I have always been one to pick stupid goals and then make it happen, fortunately for me as I’ve progressed in life from childhood to adulthood I actually learned that when you set an outlandish goal, you probably need to do things bordering on outlandish to accomplish them.
After gaining my MCSE 2003 certification, I pretty much swore off certifications. To much work, not enough reward, etc, etc. Then over the last 18 months or so at work I have had the fortunate opportunity to play a significant role in some incredibly awesome efforts: Always-on Horizon implementation, and SDDC/Automation PoC, and the design and implementation of a full on SDDC. While shooting the breeze with a co-worker numerous times throughout this period we have discussed that much of the work we have executed for these efforts would make a hell of a VCDX design submission – for the track of our choice.
At first this was just a big of a joke, but eventually it turned into a seed in the back of my head, and once that happened that means it’s simply a matter of time, which has now arrived. Barring some logistical challenges of getting the prerequisite exams knocked out, funding, and any work related hurdles I may have to navigate, I’m intending to submit a design for defense this September, which if approved would result in a defense date in December. While the work I have done has been deeply in all four VCDX tracks, and in my mind are probably appropriate for any, I’m going to target the DCV track because it is the cleanest path for me in terms of prerequisites.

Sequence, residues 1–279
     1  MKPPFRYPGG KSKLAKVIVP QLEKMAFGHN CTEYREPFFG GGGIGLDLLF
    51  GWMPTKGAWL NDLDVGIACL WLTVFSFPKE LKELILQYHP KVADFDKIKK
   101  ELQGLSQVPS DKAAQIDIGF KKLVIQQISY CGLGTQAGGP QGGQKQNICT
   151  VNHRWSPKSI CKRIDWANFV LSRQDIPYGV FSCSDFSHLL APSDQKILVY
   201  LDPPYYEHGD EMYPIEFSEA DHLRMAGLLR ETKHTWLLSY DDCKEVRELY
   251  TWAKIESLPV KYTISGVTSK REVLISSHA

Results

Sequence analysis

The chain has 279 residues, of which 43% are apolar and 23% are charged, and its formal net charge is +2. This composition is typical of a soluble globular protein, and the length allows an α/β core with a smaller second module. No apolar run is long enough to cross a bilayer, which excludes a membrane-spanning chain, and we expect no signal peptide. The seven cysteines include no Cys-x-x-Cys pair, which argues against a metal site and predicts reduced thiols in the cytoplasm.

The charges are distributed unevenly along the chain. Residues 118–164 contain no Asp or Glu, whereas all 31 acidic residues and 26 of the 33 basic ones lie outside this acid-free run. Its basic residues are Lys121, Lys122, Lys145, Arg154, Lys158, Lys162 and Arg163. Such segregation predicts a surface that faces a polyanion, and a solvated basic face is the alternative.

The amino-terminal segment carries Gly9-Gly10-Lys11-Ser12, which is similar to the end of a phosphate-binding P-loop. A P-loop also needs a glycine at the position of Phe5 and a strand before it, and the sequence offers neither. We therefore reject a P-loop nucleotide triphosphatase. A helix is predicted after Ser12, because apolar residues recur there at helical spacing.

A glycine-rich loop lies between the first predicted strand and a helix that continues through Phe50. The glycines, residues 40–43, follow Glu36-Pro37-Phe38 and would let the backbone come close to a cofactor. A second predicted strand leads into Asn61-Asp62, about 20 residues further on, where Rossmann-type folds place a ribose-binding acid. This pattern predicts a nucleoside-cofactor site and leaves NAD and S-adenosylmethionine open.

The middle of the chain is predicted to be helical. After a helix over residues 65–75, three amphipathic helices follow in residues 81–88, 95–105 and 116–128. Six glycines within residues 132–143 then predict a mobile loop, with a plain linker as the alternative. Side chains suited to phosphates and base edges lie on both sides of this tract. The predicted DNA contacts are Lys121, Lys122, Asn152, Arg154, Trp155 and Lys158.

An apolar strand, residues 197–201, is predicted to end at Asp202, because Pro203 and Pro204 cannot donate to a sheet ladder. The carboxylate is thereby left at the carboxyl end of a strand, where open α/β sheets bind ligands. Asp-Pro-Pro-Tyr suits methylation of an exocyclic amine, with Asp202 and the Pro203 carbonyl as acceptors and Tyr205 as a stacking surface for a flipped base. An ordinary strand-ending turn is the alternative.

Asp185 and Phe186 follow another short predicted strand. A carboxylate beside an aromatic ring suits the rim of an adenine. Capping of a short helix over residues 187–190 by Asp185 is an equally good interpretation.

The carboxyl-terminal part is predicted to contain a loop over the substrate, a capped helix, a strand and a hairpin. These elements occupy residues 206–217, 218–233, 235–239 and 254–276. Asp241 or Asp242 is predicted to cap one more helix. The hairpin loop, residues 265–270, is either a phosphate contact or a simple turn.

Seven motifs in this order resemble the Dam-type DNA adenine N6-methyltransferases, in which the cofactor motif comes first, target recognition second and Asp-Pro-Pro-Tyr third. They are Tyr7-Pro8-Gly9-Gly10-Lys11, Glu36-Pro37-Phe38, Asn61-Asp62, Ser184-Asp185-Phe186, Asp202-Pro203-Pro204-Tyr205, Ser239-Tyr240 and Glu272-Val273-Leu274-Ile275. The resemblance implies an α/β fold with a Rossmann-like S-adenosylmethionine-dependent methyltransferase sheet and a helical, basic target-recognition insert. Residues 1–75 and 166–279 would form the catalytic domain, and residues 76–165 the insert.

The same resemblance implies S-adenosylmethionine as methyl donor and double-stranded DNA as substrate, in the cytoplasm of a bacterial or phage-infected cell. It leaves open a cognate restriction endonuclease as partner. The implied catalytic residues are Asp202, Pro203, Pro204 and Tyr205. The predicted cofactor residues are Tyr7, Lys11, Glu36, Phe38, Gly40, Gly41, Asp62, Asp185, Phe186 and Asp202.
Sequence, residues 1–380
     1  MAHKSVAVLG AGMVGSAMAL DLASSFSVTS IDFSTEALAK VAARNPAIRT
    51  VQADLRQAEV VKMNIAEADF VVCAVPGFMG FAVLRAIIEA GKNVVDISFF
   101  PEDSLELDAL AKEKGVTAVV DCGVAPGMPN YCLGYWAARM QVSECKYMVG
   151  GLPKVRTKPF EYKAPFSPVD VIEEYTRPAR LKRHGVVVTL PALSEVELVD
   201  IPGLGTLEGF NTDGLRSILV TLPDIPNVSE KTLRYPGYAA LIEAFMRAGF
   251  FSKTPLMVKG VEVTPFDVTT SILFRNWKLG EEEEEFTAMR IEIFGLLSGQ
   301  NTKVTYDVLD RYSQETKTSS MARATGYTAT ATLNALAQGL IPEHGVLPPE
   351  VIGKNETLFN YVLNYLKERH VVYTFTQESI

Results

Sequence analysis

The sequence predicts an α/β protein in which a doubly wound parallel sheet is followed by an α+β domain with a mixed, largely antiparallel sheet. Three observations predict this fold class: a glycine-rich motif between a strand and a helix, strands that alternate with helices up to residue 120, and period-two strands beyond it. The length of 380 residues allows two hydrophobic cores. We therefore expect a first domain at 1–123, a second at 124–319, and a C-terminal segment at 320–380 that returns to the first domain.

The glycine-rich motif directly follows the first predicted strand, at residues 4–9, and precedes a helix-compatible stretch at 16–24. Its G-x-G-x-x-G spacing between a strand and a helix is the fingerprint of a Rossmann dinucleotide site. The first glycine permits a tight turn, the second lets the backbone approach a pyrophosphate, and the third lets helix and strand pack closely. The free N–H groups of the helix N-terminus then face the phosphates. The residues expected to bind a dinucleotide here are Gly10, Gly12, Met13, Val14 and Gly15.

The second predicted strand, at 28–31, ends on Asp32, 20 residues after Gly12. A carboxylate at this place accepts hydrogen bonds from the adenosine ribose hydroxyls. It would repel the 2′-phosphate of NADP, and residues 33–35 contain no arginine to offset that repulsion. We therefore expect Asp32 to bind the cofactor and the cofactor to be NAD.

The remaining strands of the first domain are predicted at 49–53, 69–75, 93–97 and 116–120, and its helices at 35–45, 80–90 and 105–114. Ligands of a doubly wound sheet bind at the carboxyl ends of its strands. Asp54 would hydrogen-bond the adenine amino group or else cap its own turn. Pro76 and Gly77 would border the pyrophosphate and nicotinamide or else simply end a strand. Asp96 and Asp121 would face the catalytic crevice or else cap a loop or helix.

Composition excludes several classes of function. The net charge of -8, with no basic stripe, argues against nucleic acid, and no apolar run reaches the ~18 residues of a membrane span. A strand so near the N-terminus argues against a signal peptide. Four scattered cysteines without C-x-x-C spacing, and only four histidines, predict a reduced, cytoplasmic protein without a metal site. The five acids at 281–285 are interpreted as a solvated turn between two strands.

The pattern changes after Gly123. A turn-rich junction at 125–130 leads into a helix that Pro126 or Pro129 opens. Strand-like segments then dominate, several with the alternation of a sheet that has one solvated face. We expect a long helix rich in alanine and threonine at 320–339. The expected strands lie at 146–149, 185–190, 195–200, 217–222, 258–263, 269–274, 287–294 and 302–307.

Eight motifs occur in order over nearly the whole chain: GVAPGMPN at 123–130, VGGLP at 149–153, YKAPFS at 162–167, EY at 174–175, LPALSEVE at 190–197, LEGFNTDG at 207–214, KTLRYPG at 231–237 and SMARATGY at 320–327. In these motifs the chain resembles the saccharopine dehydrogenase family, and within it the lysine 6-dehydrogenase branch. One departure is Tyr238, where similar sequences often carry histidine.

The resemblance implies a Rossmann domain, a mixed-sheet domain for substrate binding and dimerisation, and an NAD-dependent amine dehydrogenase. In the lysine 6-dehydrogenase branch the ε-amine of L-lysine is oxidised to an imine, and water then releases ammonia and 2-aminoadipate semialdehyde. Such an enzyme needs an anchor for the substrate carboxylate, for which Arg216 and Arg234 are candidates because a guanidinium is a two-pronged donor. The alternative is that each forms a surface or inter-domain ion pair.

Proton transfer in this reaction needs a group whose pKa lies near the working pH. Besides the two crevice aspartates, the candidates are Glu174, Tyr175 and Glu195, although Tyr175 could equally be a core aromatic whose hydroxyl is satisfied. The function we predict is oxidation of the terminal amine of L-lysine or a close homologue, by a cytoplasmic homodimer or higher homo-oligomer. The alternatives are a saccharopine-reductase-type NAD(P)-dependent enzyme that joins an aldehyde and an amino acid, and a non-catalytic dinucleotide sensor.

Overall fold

This is going to be crazy hard. I have 3 kids and a wife. I need to get myself in shape for an Ironman in April, and hopefully race another in October, and I need to put a design to paper, which is going to really suck – because I simply am horrible at documentation. Talking, marketing, drawing on a whiteboard, technically fixing a squeaky widget? I’m totally your guy. Documenting all that stuff that is in my brain, umm yeah, can you maybe just follow me with a video camera? I’ve got too many shiny things to play with.
At the end of the day, while this is about the certification and the recognition it may (not) bring, going through this process will make me a better person, a better technologist, and will give me a new challenge to tackle.